What is AMH?
AMH or Anti-Mullerian Hormone is a hormone produced by cells (granulosa) present in small follicles (egg sacs) within the ovary.
Why is AMH important?
Taking an AMH blood test can be useful to help fertility clinics assess a woman’s ovarian reserve (estimated pool of eggs present in her ovaries) and her ability to produce eggs with the potential to be fertilized for pregnancy. It also helps clinics decide on the stimulation protocol and follicle-stimulating hormone (FSH) dose for ovarian stimulation during In vitro fertilisation (IVF).
AMH has less implications when a woman is trying to get pregnant naturally. But it can be helpful in deciding how long to continue trying for spontaneous pregnancy.
What is a good AMH level?
Broadly AMH between 10 – 25pmol/l is considered as satisfactory egg reserve. In the context of IVF, having a high AMH means you are likely to have more eggs available. Vice versa, low AMH means you are likely to have less eggs available.
What is a good AMH level to get pregnant?
Your AMH level will only tell us the quantity of eggs you have left in your reserve; it won’t tell us the quality of these eggs. For the most part, it is the quality of eggs that is more important than the quantity when it comes to getting pregnant.
It’s worth noting, other factors can impact a woman’s ability to conceive, so AMH isn’t the only measure fertility clinics observe when considering IVF.
How to increase AMH levels?
The simple answer is you can’t. AMH levels are determined by a woman’s egg reserve from birth.
AMH and PCOS
Keep in mind high AMH levels are not always considered a good thing, often high levels of AMH can be a sign of polycystic ovary syndrome (PCOS). PCOS can complicate a woman’s chances of conceiving, but this does not mean IVF is out of the question.
Once you have had your fertility assessment and initial consultation, our consultants can best advise on the course of treatment most suitable for your personal needs. Read more about our patient pathway here.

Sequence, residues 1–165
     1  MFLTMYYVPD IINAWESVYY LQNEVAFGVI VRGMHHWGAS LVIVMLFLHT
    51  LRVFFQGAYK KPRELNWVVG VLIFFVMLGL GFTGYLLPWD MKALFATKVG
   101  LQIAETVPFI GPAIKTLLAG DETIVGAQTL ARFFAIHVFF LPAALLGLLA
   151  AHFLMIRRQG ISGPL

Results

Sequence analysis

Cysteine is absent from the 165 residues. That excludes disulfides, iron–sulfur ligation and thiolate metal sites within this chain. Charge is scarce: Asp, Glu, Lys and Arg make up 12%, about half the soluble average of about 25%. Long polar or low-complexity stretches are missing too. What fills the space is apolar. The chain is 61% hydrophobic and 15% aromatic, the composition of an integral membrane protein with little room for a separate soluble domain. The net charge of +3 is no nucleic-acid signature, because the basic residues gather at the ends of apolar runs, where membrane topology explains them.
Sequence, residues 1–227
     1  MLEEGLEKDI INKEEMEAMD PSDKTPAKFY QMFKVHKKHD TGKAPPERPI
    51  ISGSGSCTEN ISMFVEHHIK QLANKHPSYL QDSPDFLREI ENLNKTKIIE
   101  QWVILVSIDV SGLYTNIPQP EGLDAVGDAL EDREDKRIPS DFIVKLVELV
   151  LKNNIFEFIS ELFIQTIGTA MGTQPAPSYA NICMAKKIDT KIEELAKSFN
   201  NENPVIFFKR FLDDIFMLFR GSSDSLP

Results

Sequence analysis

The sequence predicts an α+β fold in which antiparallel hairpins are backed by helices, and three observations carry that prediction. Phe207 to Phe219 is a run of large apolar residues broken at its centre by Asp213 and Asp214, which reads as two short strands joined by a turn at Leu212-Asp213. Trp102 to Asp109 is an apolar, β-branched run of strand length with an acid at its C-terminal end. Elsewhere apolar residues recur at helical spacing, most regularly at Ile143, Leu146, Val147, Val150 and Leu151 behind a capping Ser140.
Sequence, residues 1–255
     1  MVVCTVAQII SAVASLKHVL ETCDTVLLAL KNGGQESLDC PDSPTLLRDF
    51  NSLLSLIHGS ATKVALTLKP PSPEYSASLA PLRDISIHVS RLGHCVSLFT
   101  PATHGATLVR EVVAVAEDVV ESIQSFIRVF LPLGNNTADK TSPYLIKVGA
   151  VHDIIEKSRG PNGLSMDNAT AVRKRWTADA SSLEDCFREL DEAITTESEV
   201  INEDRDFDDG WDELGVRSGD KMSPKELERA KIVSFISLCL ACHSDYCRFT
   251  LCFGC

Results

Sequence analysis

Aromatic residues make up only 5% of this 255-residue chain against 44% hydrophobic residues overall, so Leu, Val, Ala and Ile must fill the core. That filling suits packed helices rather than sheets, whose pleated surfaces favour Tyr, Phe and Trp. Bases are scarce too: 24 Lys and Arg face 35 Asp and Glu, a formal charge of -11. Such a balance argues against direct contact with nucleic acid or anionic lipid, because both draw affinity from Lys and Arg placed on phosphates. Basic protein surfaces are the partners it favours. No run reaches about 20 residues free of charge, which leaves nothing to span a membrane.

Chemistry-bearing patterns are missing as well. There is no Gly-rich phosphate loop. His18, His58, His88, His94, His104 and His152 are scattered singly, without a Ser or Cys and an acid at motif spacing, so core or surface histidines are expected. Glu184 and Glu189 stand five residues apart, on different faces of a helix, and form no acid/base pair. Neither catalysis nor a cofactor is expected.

How does age affect AMH levels?
AMH levels vary by age. Typically, a woman is born with 1-2 million eggs, but with mother nature’s monthly visit, this number will continue to decrease over time; this decline becomes significant from the mid-30s and is especially sharp from age 40 onwards. See Elecsys AMH reference guidance below:
|Age 20 – 24||8.7 – 83.6|
|Age 25 – 29||6.4 – 70.3|
|Age 30 – 34||4.1 – 58.0|
|Age 35 – 39||1.1 – 53.5|
|Age 40 – 44||0.2 – 39.1|
|Age 45 – 50||0.1 – 19.3|
The reference intervals provided represent the 2.5th to 97.5th percentiles for Elecsys AMH measurements in healthy adult women not taking any contraceptive medication.
Is AMH better than FSH testing?
Traditionally follicle-stimulating hormone (FSH) levels have been used to estimate a woman’s ovarian reserve, but due to the fact FSH levels can fluctuate from cycle to cycle and even change during the cycle, FSH is not always the most reliable indicator of egg reserves.
AMH, however, tends to be more stable throughout a cycle and can therefore be tested at any time, dependably.
Combined with the AMH test, a pelvic or transvaginal (ultrasound) scan can be done to check your number of antral follicles (AFC), as a second marker of egg reserve.
Whether you’re ready to begin your IVF journey or you’d simply like to assess your current fertility status, we’d recommend conducting AMH testing with the support of expert evaluation. At Kind iVF our initial consultation includes both an AMH test and transvaginal ultrasound scan, which help us determine the most appropriate course of action for your individual fertility journey.